David Cameron has apologised for "any misunderstanding" after describing a former imam as a supporter of the Islamic State group.
He accused Suliman Gani in Parliament of backing the militant group as he questioned Sadiq Khan's judgement in sharing a platform with him.
Mr Gani has said claims he backs IS are defamatory and must be retracted.
Earlier on Wednesday, Defence Secretary Michael Fallon apologised for making similar claims.
At Prime Minister's Questions in April, Mr Cameron said Mr Khan had appeared on a platform nine times with Mr Gani, whom the prime minister alleged "supports IS".
Mr Gani said at the time that he wanted to take legal action against Mr Cameron but was unable to do so because of Parliamentary privilege rules, which protect MPs' freedom of speech in the Commons.
'Untrue and damaging'
In a statement, Downing Street said Mr Cameron was referring to reports that Mr Gani supports "an" Islamic state.
A Number 10 spokesman said: "The prime minister is clear this does not mean Mr Gani supports the organisation Daesh and he apologises to him for any misunderstanding."
Several senior Conservatives attacked Mr Gani at the height of the London mayoral race and accused Mr Khan - who was elected London Mayor last week - of associating with extremists, an approach which Labour said was illustrative of a "divisive, dog-whistle campaign".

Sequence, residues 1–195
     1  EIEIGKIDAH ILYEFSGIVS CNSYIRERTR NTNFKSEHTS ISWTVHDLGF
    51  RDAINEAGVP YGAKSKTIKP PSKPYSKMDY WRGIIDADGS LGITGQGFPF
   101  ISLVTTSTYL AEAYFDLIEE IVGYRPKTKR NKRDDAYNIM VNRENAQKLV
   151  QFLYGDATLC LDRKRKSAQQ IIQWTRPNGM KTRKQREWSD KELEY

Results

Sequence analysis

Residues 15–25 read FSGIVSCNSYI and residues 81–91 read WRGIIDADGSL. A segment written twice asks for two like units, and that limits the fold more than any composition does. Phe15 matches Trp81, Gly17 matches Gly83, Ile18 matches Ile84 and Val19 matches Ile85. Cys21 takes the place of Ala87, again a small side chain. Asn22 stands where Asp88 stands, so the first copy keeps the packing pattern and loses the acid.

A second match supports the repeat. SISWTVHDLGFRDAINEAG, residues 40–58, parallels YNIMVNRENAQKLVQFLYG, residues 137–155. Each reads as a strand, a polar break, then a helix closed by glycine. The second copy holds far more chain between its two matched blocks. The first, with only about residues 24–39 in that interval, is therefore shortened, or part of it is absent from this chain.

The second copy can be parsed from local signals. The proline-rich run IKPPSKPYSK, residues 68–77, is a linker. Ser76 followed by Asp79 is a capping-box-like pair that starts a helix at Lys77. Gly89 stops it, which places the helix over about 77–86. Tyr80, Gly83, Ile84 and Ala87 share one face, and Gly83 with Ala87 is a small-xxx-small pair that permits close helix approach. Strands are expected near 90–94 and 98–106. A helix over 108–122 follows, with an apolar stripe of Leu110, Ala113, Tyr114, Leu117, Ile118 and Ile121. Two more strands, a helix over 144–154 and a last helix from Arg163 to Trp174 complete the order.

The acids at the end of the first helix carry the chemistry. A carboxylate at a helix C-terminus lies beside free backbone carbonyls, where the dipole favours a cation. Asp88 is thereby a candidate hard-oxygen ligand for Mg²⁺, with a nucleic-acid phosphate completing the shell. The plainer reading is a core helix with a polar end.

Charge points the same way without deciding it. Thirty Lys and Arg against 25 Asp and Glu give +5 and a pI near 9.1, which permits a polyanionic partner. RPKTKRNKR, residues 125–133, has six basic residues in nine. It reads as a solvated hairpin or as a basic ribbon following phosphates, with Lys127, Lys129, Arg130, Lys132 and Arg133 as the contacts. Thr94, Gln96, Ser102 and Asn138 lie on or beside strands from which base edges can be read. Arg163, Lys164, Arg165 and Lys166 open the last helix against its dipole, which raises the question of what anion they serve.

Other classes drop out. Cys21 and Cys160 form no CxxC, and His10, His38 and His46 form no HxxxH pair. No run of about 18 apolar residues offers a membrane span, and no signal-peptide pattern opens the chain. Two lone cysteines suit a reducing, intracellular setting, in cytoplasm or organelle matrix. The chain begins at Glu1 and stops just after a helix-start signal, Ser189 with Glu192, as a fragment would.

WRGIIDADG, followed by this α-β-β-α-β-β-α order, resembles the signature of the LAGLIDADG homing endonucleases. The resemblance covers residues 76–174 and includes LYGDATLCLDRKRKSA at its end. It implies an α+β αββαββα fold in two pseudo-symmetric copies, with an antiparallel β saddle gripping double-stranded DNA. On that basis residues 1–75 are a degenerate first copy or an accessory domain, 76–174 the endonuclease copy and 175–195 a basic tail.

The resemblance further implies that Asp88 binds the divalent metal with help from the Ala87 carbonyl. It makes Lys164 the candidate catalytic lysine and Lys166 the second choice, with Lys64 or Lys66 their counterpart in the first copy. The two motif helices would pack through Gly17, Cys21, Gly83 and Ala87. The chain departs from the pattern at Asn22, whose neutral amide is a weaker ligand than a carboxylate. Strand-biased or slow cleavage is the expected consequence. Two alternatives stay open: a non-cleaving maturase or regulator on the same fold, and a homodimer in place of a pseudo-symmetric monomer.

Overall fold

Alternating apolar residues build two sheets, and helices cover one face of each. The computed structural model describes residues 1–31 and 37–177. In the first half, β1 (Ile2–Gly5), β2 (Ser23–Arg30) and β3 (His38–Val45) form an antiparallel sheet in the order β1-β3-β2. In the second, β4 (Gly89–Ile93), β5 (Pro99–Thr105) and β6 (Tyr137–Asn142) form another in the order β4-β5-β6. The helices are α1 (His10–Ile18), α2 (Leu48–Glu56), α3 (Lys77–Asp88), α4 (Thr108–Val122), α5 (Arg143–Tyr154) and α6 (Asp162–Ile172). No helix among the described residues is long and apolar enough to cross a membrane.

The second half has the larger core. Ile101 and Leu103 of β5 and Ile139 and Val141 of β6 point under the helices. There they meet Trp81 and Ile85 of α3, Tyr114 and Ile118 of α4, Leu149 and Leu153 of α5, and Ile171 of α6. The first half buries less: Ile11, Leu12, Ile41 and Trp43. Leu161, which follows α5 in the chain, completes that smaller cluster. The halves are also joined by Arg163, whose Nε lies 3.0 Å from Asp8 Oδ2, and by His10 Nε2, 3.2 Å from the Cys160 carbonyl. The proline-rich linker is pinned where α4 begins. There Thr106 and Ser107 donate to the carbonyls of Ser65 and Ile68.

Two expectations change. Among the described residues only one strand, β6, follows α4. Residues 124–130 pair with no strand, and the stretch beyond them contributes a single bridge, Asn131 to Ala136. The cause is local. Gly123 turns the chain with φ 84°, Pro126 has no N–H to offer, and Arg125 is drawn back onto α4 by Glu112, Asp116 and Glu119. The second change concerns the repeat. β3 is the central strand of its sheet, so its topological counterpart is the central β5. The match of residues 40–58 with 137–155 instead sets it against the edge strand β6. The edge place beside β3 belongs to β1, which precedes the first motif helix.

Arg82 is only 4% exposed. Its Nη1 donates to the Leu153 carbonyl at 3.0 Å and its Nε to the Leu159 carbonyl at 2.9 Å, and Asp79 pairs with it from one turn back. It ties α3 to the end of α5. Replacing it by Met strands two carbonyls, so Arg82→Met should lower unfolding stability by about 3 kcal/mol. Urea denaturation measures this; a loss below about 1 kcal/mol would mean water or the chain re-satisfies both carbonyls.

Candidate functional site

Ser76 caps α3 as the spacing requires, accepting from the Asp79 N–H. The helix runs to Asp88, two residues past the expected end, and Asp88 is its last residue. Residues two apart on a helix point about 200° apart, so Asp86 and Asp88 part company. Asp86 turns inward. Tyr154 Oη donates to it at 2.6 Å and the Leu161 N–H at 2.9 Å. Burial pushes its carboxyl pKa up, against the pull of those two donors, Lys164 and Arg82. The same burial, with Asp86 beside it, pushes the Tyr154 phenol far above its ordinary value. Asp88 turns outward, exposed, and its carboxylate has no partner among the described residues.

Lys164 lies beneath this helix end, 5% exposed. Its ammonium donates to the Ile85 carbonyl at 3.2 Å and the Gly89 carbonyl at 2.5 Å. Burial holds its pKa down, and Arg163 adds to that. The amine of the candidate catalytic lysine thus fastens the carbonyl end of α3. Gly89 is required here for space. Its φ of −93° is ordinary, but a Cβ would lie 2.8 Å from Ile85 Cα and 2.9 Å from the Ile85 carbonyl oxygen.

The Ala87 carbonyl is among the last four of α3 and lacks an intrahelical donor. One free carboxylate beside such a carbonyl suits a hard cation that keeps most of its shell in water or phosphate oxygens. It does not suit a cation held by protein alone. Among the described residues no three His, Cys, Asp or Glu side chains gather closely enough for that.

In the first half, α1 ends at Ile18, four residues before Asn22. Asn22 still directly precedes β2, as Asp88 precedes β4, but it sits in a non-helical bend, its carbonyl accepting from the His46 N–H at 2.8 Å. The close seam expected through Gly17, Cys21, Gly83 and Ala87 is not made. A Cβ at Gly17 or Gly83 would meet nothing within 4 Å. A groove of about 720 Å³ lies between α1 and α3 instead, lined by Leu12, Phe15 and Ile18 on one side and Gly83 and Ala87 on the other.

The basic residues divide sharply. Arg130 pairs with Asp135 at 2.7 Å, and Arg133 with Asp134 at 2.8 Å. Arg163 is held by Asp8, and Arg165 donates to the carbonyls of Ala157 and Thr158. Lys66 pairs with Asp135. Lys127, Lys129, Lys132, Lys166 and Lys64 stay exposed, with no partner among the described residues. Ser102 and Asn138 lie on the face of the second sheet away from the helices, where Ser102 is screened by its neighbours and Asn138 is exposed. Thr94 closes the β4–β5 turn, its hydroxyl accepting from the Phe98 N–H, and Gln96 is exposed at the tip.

Mr Fallon apologised for an "inadvertent error" in labelling Mr Gani an IS sympathiser. He made the claim about the Tooting preacher during a BBC interview, as he defended the Conservatives' London mayoral election campaign.
In a message on social media last month, Mr Gani said he had "condemned IS wholeheartedly" since its inception and that it in no way represented his beliefs. He wrote: "Saying I support Islamic State is untrue and highly damaging to my reputation.
"I am totally opposed to so-called Islamic State which I view as a terrorist and inhumane organisation. Indeed as an imam and community leader, I have campaigned against the evils of Islamic State to my fellow Muslims and to others in the community."
Dr Shuja Shafi of the Muslim Council of Britain welcomed the "long overdue apology", but said "such smear-by-association has become all too common for Muslims and Muslim organisations".
"For the real extremists we are all opposed to, such tactics will only provide fresh new examples of a society not willing to accept Muslims for who they are," he said.
He called for the prime minister and the defence secretary to repeat their apologies in Parliament, and for an "urgent review" of Islamophobia in the Conservative party.